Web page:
[toronto-lisp] lisp reading list

Paul Tarvydas tarvydas at visualframeworksinc.com
Fri Jan 8 16:31:34 UTC 2010

At the end of this month's meeting, Justin asked what are some of the seminal lisp books to bring on a long trip.

I found that I was unable to immediately answer the question.

After pondering this on the way home, I realized that I didn't learn lisp from books - I learned it by reading source code of implementations of lisp.

In addition to this, good lispery doesn't necessarily come from learning lisp.  It also comes from being a generalist - learning as many paradigms as possible, then using lisp as the vessel for combining those paradigms.  (One of the more extreme examples of using lisp as a vessel might be SICP - the Structured Interpretation of Classical Mechanics, Sussman and Wisdom, http://mitpress.mit.edu/SICM/).

Here's a brief summary of what I read / did:

- played with writing assembler code for Z80's and MC6809's

- read source code for Tiny Basic (Dr. Dobb's Journal of Computer Calisthenics and Orthodontia, http://en.wikipedia.org/wiki/Tiny_BASIC).

- read source code for Utah Lisp (IBM 360).

- read source code for Fritz van der Wateren's MC6800 Lisp and transcribed it to run on a Z80.

- read Lisp 1.5 Manual http://www.softwarepreservation.org/projects/LISP/book/LISP%201.5%20Programmers%20Manual.pdf

- read John R. Allen's "Anatomy of Lisp" (a book) and implemented the lisp compiler contained in it on the Z80 lisp (fixing a few bugs in the book).  It ran in 22K of RAM and successfully compiled the IOTA function to Z80 machine code.

- learned how to build compilers by reading the source code to Small C (it became my 4th year EE thesis project - I rewrote the whole thing using "better" compiler techniques and got it to self-compile).  http://en.wikipedia.org/wiki/Small_C

- learned how multi-tasking works by reading Ric Holt's small, but wonderful books on the subject, the most up-to-date one being, I think, "Concurrent Euclid, Unix and Tunis".

- read source code for V7 Unix (which is now published in book form, with a front cover illustration of students making clandestine copies of the source on a xerox machine, heh, heh).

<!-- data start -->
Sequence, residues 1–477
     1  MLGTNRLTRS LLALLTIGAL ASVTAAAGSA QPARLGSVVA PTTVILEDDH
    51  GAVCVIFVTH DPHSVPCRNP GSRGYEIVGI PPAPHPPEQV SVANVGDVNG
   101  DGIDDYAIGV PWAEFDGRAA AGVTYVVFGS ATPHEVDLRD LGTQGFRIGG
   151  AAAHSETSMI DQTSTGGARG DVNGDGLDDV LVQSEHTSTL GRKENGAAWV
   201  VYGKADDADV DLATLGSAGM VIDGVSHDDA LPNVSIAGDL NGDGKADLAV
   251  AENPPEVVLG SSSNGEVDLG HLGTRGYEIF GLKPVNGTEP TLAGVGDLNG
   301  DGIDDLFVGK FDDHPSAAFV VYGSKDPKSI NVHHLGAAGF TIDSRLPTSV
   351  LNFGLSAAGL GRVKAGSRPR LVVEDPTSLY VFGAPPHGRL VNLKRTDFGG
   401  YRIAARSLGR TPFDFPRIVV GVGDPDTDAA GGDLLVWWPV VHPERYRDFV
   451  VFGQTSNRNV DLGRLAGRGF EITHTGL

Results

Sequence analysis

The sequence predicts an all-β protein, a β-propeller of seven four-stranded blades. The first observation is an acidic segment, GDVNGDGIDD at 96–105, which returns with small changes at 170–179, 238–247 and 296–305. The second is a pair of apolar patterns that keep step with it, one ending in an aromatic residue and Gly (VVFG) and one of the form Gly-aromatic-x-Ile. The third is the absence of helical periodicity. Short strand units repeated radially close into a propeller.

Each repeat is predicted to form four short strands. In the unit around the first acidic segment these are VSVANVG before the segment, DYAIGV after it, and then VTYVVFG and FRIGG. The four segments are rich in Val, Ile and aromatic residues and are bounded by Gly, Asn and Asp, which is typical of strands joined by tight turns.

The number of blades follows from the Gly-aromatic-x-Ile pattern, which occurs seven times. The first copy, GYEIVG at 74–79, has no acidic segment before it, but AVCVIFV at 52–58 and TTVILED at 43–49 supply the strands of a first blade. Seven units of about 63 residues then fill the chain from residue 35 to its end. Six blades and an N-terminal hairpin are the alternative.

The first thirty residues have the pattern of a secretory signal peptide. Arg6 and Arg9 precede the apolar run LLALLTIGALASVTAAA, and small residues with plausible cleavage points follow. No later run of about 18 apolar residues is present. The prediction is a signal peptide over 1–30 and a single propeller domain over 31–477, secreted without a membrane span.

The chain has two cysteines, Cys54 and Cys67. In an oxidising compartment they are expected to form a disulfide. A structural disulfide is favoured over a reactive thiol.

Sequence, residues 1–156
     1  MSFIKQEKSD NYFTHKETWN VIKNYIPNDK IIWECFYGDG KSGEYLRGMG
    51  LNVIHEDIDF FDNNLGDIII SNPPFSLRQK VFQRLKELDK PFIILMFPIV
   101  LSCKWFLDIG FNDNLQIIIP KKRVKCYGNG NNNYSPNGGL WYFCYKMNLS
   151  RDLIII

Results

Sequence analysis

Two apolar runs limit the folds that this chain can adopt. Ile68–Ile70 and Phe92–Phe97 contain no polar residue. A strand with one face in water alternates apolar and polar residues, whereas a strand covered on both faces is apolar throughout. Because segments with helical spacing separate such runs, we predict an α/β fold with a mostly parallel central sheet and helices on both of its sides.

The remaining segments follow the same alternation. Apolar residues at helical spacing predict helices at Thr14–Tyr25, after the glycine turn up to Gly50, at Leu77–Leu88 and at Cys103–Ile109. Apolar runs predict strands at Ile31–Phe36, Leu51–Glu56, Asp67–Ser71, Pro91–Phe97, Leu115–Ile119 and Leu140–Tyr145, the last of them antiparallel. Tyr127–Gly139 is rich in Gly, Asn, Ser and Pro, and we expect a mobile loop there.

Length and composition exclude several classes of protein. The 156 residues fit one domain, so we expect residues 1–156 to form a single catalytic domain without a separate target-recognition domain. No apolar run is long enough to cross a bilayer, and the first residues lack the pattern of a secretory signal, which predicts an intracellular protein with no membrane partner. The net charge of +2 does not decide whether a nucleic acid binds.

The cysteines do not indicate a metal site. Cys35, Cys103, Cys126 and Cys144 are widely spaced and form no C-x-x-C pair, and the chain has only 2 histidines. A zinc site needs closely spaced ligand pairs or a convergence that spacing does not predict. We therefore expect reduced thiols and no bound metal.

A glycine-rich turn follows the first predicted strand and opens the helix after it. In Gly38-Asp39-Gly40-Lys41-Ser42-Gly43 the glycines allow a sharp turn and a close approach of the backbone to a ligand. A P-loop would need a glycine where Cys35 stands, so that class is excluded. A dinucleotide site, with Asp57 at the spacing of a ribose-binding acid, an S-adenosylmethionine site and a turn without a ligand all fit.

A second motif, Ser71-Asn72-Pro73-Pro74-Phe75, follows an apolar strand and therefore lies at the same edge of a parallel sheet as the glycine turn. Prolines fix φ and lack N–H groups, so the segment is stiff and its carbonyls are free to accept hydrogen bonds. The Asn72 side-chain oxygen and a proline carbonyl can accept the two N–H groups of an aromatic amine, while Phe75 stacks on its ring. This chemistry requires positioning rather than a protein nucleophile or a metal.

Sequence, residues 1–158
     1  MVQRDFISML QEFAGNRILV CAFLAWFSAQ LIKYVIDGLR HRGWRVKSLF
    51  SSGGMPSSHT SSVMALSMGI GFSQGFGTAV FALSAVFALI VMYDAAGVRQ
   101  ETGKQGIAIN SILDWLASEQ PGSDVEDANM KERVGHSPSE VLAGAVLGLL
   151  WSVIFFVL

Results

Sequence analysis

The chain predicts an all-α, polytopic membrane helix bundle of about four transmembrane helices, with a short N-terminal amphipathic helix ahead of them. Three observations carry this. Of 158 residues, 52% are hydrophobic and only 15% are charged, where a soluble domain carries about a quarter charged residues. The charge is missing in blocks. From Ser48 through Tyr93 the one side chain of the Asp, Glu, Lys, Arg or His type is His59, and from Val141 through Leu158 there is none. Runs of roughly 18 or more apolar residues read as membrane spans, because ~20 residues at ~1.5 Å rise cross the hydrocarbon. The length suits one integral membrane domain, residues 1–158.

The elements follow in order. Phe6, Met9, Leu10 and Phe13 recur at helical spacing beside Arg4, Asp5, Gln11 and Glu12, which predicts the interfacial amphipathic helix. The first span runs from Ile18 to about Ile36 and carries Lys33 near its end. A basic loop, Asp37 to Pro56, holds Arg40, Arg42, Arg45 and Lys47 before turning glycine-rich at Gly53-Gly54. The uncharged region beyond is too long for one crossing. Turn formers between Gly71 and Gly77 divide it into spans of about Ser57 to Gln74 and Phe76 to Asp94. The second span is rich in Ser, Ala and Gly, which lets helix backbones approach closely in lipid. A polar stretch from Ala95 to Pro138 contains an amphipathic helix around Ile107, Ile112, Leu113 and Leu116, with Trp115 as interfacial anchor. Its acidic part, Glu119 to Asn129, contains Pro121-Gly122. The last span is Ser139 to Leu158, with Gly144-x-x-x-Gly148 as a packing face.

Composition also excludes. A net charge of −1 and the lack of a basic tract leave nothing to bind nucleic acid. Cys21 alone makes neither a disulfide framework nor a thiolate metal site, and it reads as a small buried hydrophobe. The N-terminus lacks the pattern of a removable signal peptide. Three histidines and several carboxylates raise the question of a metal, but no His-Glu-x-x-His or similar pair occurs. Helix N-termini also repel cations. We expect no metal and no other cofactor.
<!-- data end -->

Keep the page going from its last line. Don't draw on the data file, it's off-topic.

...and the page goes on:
- read source code for Tunis.

- (I only recently read the Smalltalk Blue Book http://web.archive.org/web/20070927190722/http://users.ipa.net/~dwighth/smalltalk/bluebook/bluebook_imp_toc.html - it is clearly an inspired work).

- read papers on Orthogonal Code Generation (Cordy, et al) and Fraser-Davidson compilation techniques (long before gnu-c existed, gcc uses Fraser-Davidson RTL as its core).

- read source code for PT Pascal, Tiny Pascal, Concurrent Euclid, S/SL, etc.

- read and implemented the WAM tutorial http://web.archive.org/web/20030213072337/http://www.vanx.org/archive/wam/wam.html  (I wrote the WAM in CL, but haven't finished debugging it yet).

As I look at the list above, I note that most of the implementations I read were done on "simple" hardware (no mmus, pipelining, security rings, mmap'ed files, etc).  This made the material accessible, readable, understandable, and brief.

Understanding compilers helped me understand macros, since CL macros are similar to having a language with YACC built into it.

So, another suggestion for reading up on lisp, is to read the source code for some of the simple lisp and non-lisp "classics", and then to spiral into lisp.  

(I can't vouch for it since I haven't done so, but maybe some of the open-source CL's would make good reading, too).


ps.  If anyone wants the source for Frits van der Wateren's lisp, I'm hoping to scan it in and post it on my site (I have his permission).  At one point I was toying with the idea of bringing it back to life by writing a 6800 simulator (in CL).

pps. If there is sufficient interest, I could bring and explain the (assembler) source of FvdW lisp to one of the meetings.  It would be a quick and easy intro to assembler and to low-level lisp structures.

More information about the toronto-lisp mailing list